6. Dennis N Horne on February 2, 2017 at 2:51 pm said:
    The Journal of Alternative Facts

    We have the best climates, really, they’re great.

    In this paper we refute work by out-of-touch scientists who insist the climate is changing — why would it change when it’s so great already?

  7. Alexander K on February 2, 2017 at 3:40 pm said:

    I am losing my patience with this conversation due to the constant shouting of nonsense by DNH.
    Even though I earned my free bus pass years ago, there is too much to do each day to get involved in arguing against nonsense.
    I will look in from time to time but if I see that name at the head of any letters, I shall tip-toe away.

  8. For a bit of light relief, you might enjoy this interview between Tucker Carlson on Fox vs a Californian non-scientist on the climate consensus.

    Apparently Carlson is getting great ratings and you can see why; he is a fairly good interviewer and won’t let it go

  9. Richard Treadgold on February 2, 2017 at 4:21 pm said:


    I am losing my patience with this conversation

    Yeah, sorry about that, friend. I feel your pain.

  10. Richard Treadgold on February 2, 2017 at 5:46 pm said:


    Soon disputes the current scientific understanding of climate change

    Do your own thinking, Dennis, please. We can scarcely respond to this, as you don’t cite a source. You give us an extract full of random numbers that aren’t linked to anything, apparently expecting us to visit Wikipedia, sift through the sources they cite and creatively divine which one you referred to. You’re dreaming! Cite your sources!

    By the way, does this renewed onslaught from you mean that you’ll never respond to my latest scientific answers to you, with references here and here? You know you’re high maintenance, right? Start acknowledging my answers or I will give up on you. What a shame that would be, what a neglected opportunity.

  11. Richard Treadgold on February 2, 2017 at 5:51 pm said:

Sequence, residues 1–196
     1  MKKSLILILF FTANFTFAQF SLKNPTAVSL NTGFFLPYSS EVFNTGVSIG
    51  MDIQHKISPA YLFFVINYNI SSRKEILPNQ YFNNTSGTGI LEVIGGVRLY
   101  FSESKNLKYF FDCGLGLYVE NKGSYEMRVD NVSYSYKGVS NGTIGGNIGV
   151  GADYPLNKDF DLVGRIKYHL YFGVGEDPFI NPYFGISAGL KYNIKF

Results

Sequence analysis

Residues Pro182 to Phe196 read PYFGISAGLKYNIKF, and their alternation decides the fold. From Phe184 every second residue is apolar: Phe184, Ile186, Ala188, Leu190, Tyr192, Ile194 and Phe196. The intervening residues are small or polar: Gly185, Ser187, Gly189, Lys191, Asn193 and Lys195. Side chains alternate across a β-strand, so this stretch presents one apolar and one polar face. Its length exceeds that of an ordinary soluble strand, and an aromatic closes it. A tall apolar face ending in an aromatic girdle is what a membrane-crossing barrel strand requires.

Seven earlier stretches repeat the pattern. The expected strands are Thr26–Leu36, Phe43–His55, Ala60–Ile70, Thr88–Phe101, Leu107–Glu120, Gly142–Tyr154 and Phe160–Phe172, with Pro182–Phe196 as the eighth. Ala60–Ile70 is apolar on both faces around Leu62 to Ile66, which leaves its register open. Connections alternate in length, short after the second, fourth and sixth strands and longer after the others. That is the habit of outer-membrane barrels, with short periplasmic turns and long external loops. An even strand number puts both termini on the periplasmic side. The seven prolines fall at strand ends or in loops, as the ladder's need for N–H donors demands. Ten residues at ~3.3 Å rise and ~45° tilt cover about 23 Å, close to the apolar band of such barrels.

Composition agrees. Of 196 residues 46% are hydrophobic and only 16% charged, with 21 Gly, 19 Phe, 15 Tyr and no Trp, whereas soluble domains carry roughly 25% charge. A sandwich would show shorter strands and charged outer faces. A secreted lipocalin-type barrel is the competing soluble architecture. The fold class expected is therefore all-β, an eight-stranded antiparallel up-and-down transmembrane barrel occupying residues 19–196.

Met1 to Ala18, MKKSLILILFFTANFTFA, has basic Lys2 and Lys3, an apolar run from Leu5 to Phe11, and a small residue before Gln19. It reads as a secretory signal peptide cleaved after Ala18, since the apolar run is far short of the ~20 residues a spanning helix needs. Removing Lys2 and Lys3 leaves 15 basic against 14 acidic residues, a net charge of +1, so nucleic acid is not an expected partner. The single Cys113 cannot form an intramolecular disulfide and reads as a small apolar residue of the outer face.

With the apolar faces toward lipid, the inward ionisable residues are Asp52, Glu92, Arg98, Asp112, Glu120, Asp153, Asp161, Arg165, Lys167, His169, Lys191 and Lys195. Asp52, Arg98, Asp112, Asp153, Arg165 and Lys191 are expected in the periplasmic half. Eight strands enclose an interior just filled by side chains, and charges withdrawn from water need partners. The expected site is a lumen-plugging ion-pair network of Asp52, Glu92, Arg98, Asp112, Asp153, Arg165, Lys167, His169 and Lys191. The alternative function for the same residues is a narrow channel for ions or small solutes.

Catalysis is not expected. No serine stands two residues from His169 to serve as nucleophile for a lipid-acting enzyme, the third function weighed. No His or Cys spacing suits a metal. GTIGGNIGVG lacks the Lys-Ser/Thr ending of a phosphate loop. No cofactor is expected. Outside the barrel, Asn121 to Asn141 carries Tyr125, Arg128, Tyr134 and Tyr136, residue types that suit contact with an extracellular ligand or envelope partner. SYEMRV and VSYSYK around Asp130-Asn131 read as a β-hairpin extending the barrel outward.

the consensus on AGW is above 99.9% and likely verges on unanimity

    That’s highly unlikely, but tell me: how does he define AGW? I can’t find it on but it’s fairly important. Highly important. Crucial. You can’t leave it out. Omitted, Powell is busily accumulating confirmations of an unknown theorem. We cannot possibly check whether he’s got it right. What a waste of time. Yours and ours.

  12. “For 2013 and 2014, I found that only 5 of 24,210 articles and 4 of 69,406 authors rejected anthropogenic global warming”

    So what? How many of these 24,210 articles independently investigated detection, attribution and climate sensitivity to CO2?

    I presume that the author can answer this question, since he must have read all 24,210 articles in depth.

  13. That’s right Andy, Dennis is probably correct when he states a 99.9% consensus, but he doesn’t realise that all the sceptical scientists are part of the consensus because none of them reject that CO2 has a warming effect (albeit minimal) – I can’t think of any sceptical scientists that reject CO2 warms.

    To try to state that some scientists reject the warming abilities of CO2 completely because they dispute how much it warms, or how much the feedbacks will be, is just a desperate strawman argument from a desperate global warming alarmist.

    Dennis dear boy, your silly little misrepresentation of sceptical scientists just makes you look like the desperate, teenage fool that you are.

  14. Dennis N Horne on February 3, 2017 at 3:26 pm said:****l
    Peer-reviewed research rejecting man-made global warming is almost non-existent as of 2013–14. Over 99.99% of authors did not publish rejections.[1]
    Climate change d****l, or global warming d****l, is part of the global warming controversy. It involves d****l, dismissal, unwarranted doubt or contrarian views which depart from the scientific opinion on climate change, including the extent to which it is caused by humans, its impacts on nature and human society, or the potential of adaptation to global warming by human actions.[2][3][4] In the global warming controversy, some d****rs do endorse the term, but other often prefer the term climate change skepticism[3] whereas scientists think it “inappropriate to allow those who d**y [anthropogenic global warming] to don the mantle of skeptics”; in effect, the two terms form a continuous, overlapping range of views, and generally have the same characteristics: both reject, to a greater or lesser extent, mainstream scientific opinion on climate change.[5][6] Climate change d****l can also be implicit, when individuals or social groups accept the science but fail to come to terms with it or to translate their acceptance into action.[7] Several social science studies have analyzed these positions as forms of d****lism.[5][6]